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9 Contribution of Stable Light Isotopes to Paleoenvironmental Reconstruction

Julia Lee-Thorp ■ Matt Sponheimer

Abstract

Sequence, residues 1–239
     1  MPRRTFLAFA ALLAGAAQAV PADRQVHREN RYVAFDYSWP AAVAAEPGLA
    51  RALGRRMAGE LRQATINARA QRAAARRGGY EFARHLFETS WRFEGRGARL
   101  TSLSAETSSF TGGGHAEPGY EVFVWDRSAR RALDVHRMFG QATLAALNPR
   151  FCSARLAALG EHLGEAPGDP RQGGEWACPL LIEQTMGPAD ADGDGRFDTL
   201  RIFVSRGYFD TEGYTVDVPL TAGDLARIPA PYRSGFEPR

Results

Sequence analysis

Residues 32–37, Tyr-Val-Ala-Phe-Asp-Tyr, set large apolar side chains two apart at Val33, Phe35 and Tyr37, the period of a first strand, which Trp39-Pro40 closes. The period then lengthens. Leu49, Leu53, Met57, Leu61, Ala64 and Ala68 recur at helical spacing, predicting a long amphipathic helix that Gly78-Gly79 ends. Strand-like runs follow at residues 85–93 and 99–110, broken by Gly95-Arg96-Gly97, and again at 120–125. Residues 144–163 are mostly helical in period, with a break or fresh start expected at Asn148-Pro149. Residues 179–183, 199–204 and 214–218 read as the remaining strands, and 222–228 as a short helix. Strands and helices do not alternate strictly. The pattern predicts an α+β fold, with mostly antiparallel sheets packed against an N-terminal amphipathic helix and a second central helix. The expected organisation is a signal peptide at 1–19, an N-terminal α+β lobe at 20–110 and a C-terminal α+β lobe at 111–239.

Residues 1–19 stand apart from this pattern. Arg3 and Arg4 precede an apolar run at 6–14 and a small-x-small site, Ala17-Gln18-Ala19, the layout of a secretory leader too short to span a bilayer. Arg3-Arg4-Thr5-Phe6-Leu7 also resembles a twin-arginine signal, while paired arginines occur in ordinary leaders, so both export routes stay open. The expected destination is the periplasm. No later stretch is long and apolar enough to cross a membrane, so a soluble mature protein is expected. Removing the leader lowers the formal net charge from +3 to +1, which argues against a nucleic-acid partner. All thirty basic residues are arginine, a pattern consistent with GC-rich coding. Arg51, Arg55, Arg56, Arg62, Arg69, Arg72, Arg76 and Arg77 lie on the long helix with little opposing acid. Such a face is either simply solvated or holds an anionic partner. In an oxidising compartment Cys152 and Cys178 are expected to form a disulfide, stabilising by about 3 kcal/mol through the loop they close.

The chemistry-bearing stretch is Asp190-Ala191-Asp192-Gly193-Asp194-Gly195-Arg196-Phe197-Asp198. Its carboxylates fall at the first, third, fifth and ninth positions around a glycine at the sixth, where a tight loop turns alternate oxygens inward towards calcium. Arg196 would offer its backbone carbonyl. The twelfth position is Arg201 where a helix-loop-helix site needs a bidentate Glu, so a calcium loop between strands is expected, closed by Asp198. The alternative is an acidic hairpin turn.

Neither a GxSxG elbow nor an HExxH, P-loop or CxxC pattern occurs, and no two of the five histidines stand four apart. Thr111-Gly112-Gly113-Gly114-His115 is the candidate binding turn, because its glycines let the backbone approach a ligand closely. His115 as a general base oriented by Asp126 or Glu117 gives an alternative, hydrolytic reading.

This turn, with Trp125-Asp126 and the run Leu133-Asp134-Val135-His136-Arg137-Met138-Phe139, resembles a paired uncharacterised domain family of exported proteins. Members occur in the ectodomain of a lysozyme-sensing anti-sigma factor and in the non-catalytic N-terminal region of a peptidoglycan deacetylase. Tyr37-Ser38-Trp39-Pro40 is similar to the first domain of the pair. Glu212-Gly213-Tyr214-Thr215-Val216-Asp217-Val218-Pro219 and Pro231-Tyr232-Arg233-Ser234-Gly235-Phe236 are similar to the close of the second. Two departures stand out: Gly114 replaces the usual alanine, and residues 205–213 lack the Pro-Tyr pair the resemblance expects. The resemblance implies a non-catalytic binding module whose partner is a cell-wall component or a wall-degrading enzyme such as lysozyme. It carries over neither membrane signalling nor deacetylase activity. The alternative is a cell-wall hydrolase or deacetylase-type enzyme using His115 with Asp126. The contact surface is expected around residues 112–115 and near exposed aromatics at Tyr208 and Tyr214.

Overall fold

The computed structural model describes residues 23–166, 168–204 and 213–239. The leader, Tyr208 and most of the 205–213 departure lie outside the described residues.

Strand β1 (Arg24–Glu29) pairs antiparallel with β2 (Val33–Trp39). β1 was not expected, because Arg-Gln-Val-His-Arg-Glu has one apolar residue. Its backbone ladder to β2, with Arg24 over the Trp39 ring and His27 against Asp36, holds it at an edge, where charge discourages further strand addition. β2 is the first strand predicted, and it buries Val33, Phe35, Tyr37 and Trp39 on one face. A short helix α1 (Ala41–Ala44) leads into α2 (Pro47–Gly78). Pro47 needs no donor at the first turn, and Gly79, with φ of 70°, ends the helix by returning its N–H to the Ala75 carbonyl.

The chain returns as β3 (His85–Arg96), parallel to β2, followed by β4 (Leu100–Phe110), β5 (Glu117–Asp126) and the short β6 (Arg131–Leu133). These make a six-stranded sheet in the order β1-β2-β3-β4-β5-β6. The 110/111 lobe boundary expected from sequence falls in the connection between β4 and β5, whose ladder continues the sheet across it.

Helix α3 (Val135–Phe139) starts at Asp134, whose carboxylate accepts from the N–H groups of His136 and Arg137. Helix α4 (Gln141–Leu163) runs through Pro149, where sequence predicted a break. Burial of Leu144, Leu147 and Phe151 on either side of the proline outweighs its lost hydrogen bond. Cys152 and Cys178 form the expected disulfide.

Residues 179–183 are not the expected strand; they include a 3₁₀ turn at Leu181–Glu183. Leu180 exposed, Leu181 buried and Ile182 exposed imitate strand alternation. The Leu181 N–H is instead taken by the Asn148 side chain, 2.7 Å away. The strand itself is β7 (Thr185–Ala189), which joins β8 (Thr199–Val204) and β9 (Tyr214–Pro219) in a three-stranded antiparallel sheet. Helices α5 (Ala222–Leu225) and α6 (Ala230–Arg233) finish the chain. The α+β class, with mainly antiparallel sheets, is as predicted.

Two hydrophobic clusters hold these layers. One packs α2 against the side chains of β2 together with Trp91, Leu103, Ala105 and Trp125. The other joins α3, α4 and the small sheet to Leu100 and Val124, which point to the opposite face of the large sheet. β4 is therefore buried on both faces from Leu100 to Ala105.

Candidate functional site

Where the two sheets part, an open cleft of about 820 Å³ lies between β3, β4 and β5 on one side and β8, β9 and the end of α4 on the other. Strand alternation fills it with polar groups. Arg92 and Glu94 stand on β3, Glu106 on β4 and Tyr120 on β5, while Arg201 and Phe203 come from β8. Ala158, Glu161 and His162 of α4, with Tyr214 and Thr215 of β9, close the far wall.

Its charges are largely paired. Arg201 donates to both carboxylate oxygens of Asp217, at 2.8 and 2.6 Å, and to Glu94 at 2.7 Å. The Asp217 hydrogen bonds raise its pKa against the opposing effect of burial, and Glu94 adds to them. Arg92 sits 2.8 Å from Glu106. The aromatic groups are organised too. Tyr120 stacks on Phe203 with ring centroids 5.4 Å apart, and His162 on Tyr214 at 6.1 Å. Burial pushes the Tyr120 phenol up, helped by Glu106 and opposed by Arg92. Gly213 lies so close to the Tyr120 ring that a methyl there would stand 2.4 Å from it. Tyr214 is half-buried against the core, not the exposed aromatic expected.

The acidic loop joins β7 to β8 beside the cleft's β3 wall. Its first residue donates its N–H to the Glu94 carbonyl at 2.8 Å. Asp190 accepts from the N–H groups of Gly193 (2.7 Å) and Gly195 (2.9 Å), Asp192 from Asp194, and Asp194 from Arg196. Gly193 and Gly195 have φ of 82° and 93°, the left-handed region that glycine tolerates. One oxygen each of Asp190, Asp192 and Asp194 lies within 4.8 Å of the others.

In this chapter, we focus attention on the potential linkages between hominin evolution and environmental change in Africa, as shown by the stable light isotope evidence. We begin with an overview of the principles and the materials typically available to produce this kind of stable isotope data. Carbon isotope analyses of faunal enamel, soils, and ostrich eggshells provide good evidence for the emergence of C4 grasses ca. 5-8 Ma, broadly concordant with hominin bipedalism. Although C4 grasses remained a modest yet variable component of the vegetation for millions of years, the associated biomass may have quickly become an important foraging resource for hominins. Rather than a climate-driven "pulse" ca. 2.4-2.8 Ma, evidence from East and South Africa suggests a significant change to more open, grassy ecosystems ca. 1.8 Ma, broadly concordant with the emergence of early Homo. On present evidence, there appears to be only a weak overall aridification trend for the entire period from ca. 4 Ma. Speleothem and other evidence points to deep-rooted cyclicity in floral and rainfall shifts, which suggest that obliquity and precessional orbital cycles were important drivers of environmental variability. In relation to climate and environmental influences on hominin evolution, a revised "Savanna" hypothesis may yet be compatible with the "variability selection'' hypothesis.

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